With little money, his mother sent William to one of the family's many connections. He was adopted by a wealthy Manchester businessman who relocated him to the family's Ayrshire residence. He attended Marlborough College and qualified as an engineer. He married Marjorie Josephine Rawson in 1906. At 21 she was 14 years his junior. Eventually they moved to India. William was appointed Chief Engineer of the Port Engineering Company based near Calcutta. During this time they travelled around the Far East and North America generating business contacts.

On 28 June 1911 their third son, Malcolm "David" Wanklyn was born. He had two brothers Peter (b. 1907), Patrick (b. 1915), and two sisters, Nancy (b. 1917—died of meningitis on her first birthday) and Nancy (b. 1924). The Wanklyns quickly became wealthy and by the time of David's birth they were at the height of their material and social success. In 1911 they were invited to the Delhi Durbar, attended by King George V and Queen Mary.

When the First World War broke out in 1914 William Wanklyn joined the Calcutta Light Horse. He served on the Western Front until 1915 when he returned home to a commissioned officer rank of major in the Royal Engineers. When he was only six, David Wanklyn became enamoured with the sea. At this age he first met his uncle, his mother's brother. Lieutenant Alec Anderson was serving in the Royal Navy. He had commanded a destroyer and during a convoy escort operation, he had rammed and sunk a German U-boat off the coast of Ireland. His crippled ship was towed into Newport for repairs, and he used the opportunity to visit his sister and nephew in Scotland. The meeting had a profound effect upon David, who was deeply impressed by his exploits. Alec survived the war but not the 1918 flu pandemic.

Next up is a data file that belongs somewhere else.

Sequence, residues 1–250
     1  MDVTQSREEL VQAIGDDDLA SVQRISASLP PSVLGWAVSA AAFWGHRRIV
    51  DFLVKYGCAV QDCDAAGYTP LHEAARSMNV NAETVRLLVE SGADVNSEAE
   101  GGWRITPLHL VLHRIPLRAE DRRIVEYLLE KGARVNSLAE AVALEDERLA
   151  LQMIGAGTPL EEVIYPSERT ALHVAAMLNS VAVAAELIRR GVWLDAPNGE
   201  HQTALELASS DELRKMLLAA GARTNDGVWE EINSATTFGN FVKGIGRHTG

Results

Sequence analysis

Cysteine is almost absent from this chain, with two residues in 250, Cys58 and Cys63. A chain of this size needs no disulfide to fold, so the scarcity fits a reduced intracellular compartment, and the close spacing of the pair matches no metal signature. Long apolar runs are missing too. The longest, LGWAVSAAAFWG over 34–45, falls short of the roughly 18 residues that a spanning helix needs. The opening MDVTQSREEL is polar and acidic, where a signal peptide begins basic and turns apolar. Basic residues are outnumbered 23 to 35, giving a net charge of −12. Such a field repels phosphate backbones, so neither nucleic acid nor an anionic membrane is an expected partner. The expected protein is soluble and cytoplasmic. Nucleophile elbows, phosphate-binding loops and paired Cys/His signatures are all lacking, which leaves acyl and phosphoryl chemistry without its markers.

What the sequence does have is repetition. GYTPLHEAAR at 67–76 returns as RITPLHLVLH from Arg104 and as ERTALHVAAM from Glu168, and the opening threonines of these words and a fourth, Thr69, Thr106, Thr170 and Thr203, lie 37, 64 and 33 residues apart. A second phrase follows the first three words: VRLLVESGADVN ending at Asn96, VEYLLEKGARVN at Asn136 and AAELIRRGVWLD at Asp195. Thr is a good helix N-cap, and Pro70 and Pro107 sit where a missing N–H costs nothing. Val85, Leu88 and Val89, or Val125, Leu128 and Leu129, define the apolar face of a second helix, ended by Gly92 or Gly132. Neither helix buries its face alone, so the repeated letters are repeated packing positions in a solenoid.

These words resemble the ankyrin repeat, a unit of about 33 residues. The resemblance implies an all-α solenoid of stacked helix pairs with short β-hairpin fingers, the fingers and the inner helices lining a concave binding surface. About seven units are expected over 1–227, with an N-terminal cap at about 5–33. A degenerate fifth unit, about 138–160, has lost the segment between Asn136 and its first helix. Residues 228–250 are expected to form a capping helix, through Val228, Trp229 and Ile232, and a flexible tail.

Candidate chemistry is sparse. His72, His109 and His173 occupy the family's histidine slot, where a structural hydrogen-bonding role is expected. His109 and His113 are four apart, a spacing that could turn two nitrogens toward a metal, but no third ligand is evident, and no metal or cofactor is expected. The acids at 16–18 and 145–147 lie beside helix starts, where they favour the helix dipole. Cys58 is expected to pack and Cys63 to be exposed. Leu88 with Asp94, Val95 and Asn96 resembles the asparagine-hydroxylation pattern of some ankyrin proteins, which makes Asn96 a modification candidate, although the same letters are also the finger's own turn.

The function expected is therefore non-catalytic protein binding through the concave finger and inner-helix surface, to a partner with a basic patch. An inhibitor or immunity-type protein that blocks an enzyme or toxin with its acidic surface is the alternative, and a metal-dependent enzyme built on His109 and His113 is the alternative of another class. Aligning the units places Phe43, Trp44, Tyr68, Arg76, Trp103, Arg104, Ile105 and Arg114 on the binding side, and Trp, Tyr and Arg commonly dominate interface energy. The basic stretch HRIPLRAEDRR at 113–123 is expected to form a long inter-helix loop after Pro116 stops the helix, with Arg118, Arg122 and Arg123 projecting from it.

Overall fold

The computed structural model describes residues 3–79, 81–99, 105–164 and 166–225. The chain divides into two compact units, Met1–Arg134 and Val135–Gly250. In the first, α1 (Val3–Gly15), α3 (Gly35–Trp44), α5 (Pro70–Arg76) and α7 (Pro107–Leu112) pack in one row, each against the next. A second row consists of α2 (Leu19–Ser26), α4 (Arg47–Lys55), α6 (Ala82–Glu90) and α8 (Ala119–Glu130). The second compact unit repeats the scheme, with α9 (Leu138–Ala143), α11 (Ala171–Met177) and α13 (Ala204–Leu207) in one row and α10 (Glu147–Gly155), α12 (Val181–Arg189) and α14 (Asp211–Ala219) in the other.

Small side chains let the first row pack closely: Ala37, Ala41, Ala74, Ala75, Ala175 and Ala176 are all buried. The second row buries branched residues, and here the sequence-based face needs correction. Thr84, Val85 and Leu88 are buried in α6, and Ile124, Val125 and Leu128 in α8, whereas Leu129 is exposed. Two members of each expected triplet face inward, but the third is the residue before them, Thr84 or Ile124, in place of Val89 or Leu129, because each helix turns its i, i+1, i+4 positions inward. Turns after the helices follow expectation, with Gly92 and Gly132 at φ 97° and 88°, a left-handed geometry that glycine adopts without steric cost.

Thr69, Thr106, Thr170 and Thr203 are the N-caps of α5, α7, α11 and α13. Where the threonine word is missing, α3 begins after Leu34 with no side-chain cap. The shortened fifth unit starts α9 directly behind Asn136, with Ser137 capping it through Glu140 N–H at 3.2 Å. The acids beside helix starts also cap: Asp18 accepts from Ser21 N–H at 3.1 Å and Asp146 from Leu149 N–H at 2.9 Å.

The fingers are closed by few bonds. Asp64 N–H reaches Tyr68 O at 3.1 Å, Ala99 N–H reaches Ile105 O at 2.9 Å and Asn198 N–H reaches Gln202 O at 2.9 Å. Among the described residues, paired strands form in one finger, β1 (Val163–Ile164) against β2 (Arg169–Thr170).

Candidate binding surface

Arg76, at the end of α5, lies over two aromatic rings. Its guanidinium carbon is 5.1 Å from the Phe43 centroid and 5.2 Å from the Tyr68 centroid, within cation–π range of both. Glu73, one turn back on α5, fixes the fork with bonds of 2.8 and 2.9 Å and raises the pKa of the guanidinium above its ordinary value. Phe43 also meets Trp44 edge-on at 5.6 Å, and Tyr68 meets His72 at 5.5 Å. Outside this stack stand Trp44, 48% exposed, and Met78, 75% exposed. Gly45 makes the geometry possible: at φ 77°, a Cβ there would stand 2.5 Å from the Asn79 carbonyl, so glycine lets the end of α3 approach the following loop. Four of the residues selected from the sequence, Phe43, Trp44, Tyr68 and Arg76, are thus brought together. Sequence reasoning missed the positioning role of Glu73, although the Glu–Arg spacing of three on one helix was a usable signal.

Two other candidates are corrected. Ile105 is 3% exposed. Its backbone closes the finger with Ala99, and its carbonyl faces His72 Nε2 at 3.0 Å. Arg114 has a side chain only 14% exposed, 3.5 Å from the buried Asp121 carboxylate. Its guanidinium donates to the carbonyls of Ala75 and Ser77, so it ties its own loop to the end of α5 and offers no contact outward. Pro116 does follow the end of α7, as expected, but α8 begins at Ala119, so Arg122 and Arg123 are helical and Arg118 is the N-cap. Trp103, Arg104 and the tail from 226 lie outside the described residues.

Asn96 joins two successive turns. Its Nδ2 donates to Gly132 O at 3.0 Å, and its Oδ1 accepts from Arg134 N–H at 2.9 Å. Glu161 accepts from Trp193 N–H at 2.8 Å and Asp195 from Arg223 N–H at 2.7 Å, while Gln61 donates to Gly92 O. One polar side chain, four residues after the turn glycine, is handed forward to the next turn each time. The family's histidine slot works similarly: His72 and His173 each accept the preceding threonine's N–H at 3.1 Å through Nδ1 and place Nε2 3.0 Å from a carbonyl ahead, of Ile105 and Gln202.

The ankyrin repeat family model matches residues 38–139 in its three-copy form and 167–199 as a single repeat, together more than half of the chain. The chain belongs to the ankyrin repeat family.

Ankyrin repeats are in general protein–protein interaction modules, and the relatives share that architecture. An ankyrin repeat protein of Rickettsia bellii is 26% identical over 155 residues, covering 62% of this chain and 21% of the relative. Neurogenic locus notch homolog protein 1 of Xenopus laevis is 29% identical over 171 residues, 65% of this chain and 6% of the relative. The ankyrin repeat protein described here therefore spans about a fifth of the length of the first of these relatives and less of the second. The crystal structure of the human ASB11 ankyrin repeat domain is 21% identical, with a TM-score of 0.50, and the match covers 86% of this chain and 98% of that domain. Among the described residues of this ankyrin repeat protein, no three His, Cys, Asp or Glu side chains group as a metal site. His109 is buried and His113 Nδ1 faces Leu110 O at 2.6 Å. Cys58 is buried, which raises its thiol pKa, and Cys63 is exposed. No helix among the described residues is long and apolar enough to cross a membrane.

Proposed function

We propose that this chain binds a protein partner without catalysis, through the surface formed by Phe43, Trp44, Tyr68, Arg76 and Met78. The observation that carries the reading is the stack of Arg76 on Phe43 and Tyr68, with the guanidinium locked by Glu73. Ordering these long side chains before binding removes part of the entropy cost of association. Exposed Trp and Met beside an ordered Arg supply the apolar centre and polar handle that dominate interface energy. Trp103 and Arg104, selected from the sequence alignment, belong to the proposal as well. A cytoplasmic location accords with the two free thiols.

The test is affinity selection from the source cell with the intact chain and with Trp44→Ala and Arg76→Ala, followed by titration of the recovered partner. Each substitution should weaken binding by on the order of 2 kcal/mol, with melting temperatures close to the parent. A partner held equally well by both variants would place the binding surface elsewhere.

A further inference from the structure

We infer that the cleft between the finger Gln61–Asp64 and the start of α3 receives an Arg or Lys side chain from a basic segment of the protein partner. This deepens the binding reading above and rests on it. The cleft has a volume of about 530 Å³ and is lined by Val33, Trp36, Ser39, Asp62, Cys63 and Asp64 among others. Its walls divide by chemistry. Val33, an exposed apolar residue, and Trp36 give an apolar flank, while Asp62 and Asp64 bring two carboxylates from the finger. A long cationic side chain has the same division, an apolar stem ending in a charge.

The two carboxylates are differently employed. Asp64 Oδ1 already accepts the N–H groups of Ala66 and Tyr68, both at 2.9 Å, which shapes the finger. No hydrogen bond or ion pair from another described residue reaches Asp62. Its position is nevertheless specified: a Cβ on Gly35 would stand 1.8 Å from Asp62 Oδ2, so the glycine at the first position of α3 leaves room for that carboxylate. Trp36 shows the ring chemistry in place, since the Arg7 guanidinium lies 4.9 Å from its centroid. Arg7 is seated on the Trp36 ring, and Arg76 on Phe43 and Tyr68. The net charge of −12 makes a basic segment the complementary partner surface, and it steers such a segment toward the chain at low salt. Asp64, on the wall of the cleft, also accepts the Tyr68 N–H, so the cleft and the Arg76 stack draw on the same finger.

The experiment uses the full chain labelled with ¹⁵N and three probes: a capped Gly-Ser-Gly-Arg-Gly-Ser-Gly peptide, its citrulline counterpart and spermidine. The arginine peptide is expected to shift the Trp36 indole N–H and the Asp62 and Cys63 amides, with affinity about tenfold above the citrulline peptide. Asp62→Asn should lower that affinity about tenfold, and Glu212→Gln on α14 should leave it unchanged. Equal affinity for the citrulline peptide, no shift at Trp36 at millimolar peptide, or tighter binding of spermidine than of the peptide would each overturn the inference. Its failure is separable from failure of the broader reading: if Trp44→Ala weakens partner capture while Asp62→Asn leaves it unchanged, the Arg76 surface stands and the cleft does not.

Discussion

Wanklyn became a keen sailor, angler and was particularly fond of shooting. He was also an accomplished musician. By the time he had reached his teenage years, his uncle's stories were still vivid and Wanklyn's desires still lay with a naval career. He attended Parkfield Preparatory School in Haywards Heath, Sussex. Academically he excelled although he was shy, a loner, and had a propensity to avoid team games. Nevertheless his intellectual approach to his studies won him respect amongst his fellow students and made him a popular individual.

Royal Navy[edit]

In 1925 he applied to join the Royal Navy. During the selection board process it was discovered he was colour blind. This congenital disorder would normally have ended his career. Fortunately the Chief Medical Officer was a patient man and coached him to differentiate between what he was seeing and what was a congenital illusion. He passed the written examinations and negotiated the Admiralty Interview Board. In 1925, he entered Dartmouth Naval College.

He was assigned as a midshipman on 1 May 1929 after finishing top of his class in five subjects. In 1930 he was assigned to the battleship HMS Marlborough, part of the Third Battle Squadron; and the following year to the battlecruiser HMS Renown in September 1931 on which he served with fellow midshipman and future Vice Admiral Peter Gretton. While serving on the ship Wanklyn was promoted to acting sub-lieutenant. Wanklyn, as acting sub-lieutenant and not commissioned to that rank formally, was the equivalent of a second lieutenant. Soon afterwards he moved to the naval gunnery school—HMS Excellent—at Whale Island, Portsmouth to learn more about naval navigation to qualify for his second ring at the rank of lieutenant.

Submarine service[edit]